When Beatrice Mossman launched her horror anthology Hell-Hued in 2020 she found a novel way of theming each issue. Rather than choosing a defined subject area, a phrase or a keyword for contributors to craft stories around she chose instead to theme each edition by a particular colour. For the debut volume that was “carmine” which led, understandably to more brutal and explicit blood-soaked tales. With this latest volume – Hell-Hued: The Periwinkle Issue published at the end of 2021 – she has picked a colour that in contrast is eerie and subdued, giving the contents of this second issue a more haunting quality.
In her introduction Mossman describes periwinkle as “the colour of twilight… a soft dreamy hue.” That’s very much in evidence in the cutaway cover. Set in an art gallery it looks in on the next interior page’s illustration, creating a sense of two worlds and of the observed observing the observers. That, of course, is very much a staple of a Beatrice Mossman comic where tactile elements that can only be achieved in physical format often become a key device in the storytelling.
Indeed Mossman’s own short comic ‘Periwinkle Lake’ (above), where two teenaged girls visit a notorious spot where criminals and witches were once executed by drowning, makes clever use of a foil reflective surface as an integral part of its delivery. Similarly, Cassandra Solon Parry’s illustrated short prose story ‘Lavender Lodge’ also uses a technique where both sides of one page-turn allow the reader to open a gateway into the other side of the page.
As with the first issue, Hell-Hued: The Periwinkle Issue mixes comics with illustration, poetry and prose. It’s the comics content that will be of specific interest to Broken Frontier readers though and there’s a number of thoughtful uses of the thematic colour in the sequential art in this volume. Roisin Cairney’s ‘Evergreen’ (above) for example, where former lovers are reunited with horrific results when suburban life and the dreamworld converge, makes subtle use of the periwinkle hues on black and white artwork; that sparing colour filling in the unspoken moments in the narrative.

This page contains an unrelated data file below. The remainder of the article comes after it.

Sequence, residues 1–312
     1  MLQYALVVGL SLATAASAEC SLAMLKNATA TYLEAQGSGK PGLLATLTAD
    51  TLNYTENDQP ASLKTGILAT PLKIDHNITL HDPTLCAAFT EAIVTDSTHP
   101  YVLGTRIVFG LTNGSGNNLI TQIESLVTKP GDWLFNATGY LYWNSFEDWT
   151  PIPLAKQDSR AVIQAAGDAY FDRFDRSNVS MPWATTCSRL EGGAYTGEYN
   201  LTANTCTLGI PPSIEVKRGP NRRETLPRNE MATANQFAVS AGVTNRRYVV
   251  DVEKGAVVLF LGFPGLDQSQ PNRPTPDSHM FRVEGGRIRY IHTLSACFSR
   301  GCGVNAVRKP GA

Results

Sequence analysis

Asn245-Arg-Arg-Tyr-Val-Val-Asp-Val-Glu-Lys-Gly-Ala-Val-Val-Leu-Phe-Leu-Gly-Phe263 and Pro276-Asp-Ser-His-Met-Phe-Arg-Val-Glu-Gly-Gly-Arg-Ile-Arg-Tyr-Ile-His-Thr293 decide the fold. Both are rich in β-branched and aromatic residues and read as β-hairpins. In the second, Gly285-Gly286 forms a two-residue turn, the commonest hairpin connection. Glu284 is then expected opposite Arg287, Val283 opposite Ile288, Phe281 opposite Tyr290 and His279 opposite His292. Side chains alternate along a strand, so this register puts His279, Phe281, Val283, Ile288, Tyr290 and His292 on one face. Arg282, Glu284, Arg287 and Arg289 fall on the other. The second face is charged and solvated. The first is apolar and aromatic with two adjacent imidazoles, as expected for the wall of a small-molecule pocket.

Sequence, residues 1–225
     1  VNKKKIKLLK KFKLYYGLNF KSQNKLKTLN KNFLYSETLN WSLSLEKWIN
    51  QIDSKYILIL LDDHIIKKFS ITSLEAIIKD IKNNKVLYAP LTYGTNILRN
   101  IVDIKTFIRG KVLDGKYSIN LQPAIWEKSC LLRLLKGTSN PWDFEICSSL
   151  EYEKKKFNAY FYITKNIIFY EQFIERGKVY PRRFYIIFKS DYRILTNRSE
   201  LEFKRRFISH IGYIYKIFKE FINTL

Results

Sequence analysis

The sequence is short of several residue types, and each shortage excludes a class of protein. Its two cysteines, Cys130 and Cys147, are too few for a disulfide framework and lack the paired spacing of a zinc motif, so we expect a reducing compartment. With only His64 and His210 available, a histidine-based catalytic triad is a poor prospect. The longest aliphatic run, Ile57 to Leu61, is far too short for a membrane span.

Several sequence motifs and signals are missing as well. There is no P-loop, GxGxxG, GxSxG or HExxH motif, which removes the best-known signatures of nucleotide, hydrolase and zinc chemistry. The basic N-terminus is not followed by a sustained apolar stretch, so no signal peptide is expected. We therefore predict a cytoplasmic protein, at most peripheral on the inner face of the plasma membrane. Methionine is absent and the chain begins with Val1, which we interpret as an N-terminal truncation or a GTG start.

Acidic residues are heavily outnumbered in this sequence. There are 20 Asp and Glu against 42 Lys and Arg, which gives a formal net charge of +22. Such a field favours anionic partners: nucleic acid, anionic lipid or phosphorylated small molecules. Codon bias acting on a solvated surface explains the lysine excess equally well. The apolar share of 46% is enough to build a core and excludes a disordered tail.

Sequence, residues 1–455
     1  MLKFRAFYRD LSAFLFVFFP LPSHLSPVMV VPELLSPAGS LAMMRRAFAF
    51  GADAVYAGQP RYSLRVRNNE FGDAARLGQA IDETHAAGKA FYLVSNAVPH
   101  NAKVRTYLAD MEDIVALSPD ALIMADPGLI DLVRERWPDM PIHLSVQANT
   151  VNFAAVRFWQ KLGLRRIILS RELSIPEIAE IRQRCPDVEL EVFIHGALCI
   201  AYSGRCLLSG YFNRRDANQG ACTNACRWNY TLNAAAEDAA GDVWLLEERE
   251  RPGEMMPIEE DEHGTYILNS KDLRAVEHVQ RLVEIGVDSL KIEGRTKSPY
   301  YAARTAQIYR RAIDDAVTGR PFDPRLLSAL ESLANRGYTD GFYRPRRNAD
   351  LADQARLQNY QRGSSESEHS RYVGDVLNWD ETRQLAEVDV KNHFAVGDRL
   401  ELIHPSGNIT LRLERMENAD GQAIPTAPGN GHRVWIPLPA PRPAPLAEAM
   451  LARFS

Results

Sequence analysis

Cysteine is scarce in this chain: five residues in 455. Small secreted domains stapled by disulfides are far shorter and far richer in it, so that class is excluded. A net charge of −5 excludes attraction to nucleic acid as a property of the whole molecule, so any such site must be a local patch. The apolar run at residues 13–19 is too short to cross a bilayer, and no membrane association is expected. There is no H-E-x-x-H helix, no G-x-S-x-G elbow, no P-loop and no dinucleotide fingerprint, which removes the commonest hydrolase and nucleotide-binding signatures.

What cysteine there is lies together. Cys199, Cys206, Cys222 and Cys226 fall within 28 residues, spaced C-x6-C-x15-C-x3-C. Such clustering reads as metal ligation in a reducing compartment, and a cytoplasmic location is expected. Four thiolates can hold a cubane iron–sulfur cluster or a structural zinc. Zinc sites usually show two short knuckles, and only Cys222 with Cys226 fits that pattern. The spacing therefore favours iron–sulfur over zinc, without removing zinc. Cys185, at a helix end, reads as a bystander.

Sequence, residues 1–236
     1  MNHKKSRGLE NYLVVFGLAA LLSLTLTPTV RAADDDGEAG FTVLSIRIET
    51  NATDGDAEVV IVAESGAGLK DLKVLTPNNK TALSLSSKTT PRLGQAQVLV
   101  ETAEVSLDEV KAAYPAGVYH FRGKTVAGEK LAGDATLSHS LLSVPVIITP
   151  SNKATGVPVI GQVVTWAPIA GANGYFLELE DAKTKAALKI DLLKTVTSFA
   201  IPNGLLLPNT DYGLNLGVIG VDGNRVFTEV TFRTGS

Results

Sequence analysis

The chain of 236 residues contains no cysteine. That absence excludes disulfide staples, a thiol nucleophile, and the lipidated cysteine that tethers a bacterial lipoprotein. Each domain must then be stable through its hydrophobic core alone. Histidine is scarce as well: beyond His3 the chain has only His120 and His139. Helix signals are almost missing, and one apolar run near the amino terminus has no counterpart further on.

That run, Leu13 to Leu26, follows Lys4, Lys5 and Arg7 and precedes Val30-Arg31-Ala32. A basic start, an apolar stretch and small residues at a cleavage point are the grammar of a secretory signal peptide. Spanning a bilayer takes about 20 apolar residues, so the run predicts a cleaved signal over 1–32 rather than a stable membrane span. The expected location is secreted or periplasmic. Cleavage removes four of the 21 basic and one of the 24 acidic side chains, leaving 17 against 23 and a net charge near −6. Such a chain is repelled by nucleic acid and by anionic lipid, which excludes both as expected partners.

‘Shiligarnika’ by Emiliyan and Stanimir Valev (above) is a concise 2-pager about appeasing the spirits of the dead on a snowy mountainside that juxtaposes stark black and white realism with ethereal periwinkle supernatural forces to great effect. It reminded me in no small way of those folkloric introductory pages that used to begin classic horror comics like Warren’s Creepy and DC’s Ghosts. Nic Koski’s ‘Blue’ (below) is also selective in how it uses the periwinkle colouring to contrast the monstrous with the everyday in a story of an otherworldly presence that has more than a hint of social commentary to it, and art that is reminiscent of horror master Bernie Wrightson in places.
Tom Smith’s ‘Hypnogogia’ (below) concerns itself with a drug trial as a would-be novelist takes medication to improve his levels of creativity with brutally ironic results. Smith’s page layouts are dizzying in their inventiveness with a twisting meta feel that comes to a suitably abrupt dramatic halt. Whereas, conversely, Michelle Ding’s ‘The Nightmare’ (bottom image) uses very stark and arresting imagery in a story of nocturnal visitation that is simple in premise but highly effective in mood.
There’s also a one-page comic by Olga Skupień called ‘Religion Class Notebooks’ that was probably the comics highlight of the issue for me but also one that I can’t comment on without completely spoiling it for the reader. Suffice to say it’s so unsettling that it instantly made me want to check out more of Skupień’s work.
There is, as mentioned, lots more non-comics content to discover in these pages, emphasising the feel of creative community that projects like this serve to create. With so few anthology projects open for submissions on the UK small press scene at the moment (in comparison to a few years back) it’s great to see books like this playing their part in bringing artists together. I look forward to seeing what Mossman’s next colour choice will be for the theme of (hopefully!) a 2022 Hell-Hued collection.
Beatrice Mossman, Roisin Cairney, Becky Coulter, Ben Couzens, Linda M. Crate, Michelle Ding, Joe Dunkerley, @fantabulous242, Nic Koski, Fiona Oakley, Cassandra Solon Parry, Rickey Rivers Jr., Olivia Roberts, Kevin T. Rogers, Kelly Salvat, Olga Skupień, Tom Smith, Melanie Stockton-Brown, Emiliyan Valev, Stanimir Valev, Rowan Wolowacz • Self-published, £10.00
Review by Andy Oliver